Six Berkeley officers from the University of California Police Department have been placed on administrative leave, but privacy laws prohibit officials from saying much about it, a UC Berkeley spokeswoman said Thursday.
UC Berkeley spokeswoman Janet Gilmore confirmed, in response to a Berkeleyside inquiry this week, that six UCPD officers are on paid administrative leave. Beyond that, she said in an email, little can be released.
“Please keep in mind that there are multiple reasons why an employee might be on paid administrative leave. Such leave is not punitive and doesn’t necessarily suggest any suspicion or finding of misconduct,” she said.
Gilmore said the university cannot say when the leave began or when it might end “to protect employee privacy.” The officers on leave cannot be identified for a similar reason, she said. Gilmore said she also could not say whether all the officers were put on leave at the same time.
Gilmore cited the state Penal Code as the basis for how little information can be released. That code “has provisions about the privacy of peace officers.” She said Berkeleyside’s inquiry took several days to address because research into the law was needed: “This question doesn’t often arise for us.”
As of March 21, UCPD’s Berkeley office was budgeted for 57 sworn officers, including sergeants and those of higher rank. At the line level, UCPD reported 270 non-supervisory officers in its entire system as of April 2017, including 38 in Berkeley.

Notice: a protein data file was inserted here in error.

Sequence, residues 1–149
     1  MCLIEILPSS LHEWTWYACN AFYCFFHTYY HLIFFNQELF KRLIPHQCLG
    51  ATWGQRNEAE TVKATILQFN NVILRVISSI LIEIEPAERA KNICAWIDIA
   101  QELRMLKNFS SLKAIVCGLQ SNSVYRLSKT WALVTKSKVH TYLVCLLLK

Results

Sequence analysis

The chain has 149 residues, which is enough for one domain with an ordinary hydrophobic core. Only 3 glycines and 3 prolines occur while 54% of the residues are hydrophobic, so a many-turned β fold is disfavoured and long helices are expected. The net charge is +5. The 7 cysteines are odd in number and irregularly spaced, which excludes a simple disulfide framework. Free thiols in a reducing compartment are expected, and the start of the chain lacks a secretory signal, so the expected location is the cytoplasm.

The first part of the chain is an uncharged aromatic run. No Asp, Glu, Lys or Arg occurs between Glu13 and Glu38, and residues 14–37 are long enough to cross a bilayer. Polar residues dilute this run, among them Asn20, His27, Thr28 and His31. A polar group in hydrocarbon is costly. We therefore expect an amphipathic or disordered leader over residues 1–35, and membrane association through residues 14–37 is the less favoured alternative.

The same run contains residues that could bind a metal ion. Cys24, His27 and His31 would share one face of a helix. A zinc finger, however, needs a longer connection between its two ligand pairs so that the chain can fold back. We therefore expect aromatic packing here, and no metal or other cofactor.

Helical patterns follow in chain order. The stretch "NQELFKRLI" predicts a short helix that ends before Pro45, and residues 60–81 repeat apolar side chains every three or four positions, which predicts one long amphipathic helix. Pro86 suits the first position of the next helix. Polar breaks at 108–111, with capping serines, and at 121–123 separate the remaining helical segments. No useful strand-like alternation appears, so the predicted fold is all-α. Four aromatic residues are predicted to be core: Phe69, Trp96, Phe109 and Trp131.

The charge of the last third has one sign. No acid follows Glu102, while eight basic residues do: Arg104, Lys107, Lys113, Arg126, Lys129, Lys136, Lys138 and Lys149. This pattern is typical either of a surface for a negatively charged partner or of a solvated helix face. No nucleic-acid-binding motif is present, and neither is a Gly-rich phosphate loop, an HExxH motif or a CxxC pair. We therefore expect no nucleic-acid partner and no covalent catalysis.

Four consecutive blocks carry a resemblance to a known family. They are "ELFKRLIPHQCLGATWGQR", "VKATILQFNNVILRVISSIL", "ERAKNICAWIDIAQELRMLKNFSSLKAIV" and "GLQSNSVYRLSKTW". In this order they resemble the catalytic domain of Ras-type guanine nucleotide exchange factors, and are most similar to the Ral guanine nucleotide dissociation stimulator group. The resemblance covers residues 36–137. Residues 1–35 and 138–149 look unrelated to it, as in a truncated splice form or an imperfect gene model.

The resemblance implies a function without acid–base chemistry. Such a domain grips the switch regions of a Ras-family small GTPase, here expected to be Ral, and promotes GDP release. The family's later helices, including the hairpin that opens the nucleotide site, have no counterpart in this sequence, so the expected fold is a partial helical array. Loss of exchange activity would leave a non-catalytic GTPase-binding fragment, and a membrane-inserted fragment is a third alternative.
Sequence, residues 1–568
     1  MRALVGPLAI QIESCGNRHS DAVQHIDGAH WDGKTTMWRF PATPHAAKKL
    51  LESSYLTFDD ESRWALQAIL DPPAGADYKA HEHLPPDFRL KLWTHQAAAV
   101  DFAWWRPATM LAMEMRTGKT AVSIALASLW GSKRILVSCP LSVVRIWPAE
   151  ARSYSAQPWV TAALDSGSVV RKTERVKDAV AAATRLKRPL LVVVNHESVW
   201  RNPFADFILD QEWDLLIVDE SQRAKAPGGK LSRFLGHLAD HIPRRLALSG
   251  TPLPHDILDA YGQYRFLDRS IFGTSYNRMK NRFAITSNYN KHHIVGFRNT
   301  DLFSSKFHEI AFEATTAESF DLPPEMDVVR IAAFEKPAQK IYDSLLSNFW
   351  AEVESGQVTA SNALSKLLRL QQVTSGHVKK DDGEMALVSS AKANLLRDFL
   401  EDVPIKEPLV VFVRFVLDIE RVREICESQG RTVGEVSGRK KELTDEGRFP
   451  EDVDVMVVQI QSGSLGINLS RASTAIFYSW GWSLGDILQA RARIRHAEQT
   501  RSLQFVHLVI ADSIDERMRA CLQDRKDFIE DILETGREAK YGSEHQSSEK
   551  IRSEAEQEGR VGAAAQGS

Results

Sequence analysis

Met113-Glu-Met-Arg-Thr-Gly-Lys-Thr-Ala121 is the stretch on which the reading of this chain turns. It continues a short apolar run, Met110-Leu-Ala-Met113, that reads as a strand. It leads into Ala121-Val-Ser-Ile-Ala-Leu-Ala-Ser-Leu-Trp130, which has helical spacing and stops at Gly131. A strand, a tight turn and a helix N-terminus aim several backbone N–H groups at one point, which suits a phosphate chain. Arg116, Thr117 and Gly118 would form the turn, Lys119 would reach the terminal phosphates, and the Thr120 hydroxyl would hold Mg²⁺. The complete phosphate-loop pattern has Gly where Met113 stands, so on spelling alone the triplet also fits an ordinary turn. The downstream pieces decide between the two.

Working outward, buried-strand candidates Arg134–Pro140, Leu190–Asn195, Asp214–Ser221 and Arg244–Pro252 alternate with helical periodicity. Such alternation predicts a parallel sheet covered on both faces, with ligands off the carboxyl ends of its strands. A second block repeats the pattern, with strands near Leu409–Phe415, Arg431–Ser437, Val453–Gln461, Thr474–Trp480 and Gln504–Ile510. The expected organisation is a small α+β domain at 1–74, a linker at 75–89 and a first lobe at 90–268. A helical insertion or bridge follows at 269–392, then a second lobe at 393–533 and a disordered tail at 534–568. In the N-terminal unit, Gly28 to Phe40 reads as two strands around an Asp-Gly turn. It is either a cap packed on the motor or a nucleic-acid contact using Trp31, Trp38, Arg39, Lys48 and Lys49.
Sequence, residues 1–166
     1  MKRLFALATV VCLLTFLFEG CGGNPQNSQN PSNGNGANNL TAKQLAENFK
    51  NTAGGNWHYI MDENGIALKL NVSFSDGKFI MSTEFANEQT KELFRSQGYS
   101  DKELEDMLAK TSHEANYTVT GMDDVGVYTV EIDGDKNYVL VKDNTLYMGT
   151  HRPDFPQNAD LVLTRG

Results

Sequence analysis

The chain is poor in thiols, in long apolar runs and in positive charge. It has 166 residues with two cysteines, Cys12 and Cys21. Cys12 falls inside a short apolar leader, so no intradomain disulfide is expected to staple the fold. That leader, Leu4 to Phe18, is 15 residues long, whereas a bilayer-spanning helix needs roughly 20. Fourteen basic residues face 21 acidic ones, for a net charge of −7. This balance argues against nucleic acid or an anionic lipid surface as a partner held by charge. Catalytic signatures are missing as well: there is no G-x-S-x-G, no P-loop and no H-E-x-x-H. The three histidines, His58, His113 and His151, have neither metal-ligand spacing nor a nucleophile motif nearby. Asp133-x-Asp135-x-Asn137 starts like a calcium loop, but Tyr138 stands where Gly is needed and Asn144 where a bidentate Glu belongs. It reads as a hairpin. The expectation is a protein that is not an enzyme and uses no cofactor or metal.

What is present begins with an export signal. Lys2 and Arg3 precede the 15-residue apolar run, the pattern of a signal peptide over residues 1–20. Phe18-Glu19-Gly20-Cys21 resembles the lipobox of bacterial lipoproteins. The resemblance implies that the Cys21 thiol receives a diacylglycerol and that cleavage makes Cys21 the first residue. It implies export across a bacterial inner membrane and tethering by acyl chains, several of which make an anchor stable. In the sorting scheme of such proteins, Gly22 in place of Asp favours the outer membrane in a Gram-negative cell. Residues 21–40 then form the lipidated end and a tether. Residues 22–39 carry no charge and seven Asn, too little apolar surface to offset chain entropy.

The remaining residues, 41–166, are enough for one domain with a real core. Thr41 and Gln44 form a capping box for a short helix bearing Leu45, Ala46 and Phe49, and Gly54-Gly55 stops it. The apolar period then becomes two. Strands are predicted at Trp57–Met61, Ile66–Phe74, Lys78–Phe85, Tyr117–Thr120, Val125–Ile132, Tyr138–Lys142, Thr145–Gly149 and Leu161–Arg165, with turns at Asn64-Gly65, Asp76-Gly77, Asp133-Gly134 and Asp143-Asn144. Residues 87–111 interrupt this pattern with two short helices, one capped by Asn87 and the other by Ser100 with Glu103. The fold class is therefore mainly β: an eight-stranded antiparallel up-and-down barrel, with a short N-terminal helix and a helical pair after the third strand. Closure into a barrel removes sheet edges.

Some local police officers who had heard about the UCPD officers on leave said it may have begun months ago, and involved officers on a single shift. They cautioned, however, that they did not have firsthand information. The officers said the leave may have related to a failure to conduct security checks on buildings, and then a failure to be honest when confronted. But, again, they said that was unconfirmed information.
One retired local officer, who said he also did not know the details of the matter, described it as “highly unusual” to have six officers on leave at one time. And he said, speaking hypothetically, any dishonesty in an investigation could potentially result in stiffer sanctions, or even firing.
“The one thing you don’t want to do is to be dishonest in any investigation,” he said. “They drill that into you from day one. You did it, you just tell them, hey, you did it. Let them decide what they want to do with you.”